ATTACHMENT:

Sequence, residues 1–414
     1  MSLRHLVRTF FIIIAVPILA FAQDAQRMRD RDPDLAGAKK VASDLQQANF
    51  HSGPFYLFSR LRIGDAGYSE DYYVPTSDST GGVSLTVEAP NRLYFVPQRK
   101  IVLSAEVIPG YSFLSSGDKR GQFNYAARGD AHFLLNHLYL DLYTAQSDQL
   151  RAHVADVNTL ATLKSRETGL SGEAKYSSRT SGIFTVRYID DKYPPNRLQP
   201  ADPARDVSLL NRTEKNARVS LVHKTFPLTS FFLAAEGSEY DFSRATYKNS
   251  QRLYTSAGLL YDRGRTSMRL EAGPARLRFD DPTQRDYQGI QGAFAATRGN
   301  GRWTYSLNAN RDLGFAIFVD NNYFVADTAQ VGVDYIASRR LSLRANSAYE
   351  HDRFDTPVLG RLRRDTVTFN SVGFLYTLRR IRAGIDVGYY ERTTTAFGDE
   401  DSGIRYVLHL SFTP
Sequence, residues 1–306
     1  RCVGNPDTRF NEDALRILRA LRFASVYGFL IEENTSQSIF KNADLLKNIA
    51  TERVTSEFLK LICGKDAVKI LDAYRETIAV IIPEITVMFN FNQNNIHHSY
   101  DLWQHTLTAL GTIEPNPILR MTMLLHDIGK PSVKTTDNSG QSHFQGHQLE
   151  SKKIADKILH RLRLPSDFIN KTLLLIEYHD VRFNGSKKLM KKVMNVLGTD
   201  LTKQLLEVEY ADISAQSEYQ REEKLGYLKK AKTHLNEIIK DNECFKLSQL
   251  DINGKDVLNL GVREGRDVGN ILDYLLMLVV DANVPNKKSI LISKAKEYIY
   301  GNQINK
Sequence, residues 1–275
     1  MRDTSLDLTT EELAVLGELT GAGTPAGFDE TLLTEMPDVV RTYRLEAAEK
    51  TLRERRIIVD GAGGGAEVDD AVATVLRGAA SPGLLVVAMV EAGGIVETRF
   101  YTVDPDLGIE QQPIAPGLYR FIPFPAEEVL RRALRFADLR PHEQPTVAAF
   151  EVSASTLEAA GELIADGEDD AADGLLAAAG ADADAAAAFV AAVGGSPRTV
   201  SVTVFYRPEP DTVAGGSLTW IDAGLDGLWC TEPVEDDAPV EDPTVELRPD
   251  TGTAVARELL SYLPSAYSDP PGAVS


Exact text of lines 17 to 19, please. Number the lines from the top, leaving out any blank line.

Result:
   251  DINGKDVLNL GVREGRDVGN ILDYLLMLVV DANVPNKKSI LISKAKEYIY
   301  GNQINK
Sequence, residues 1–275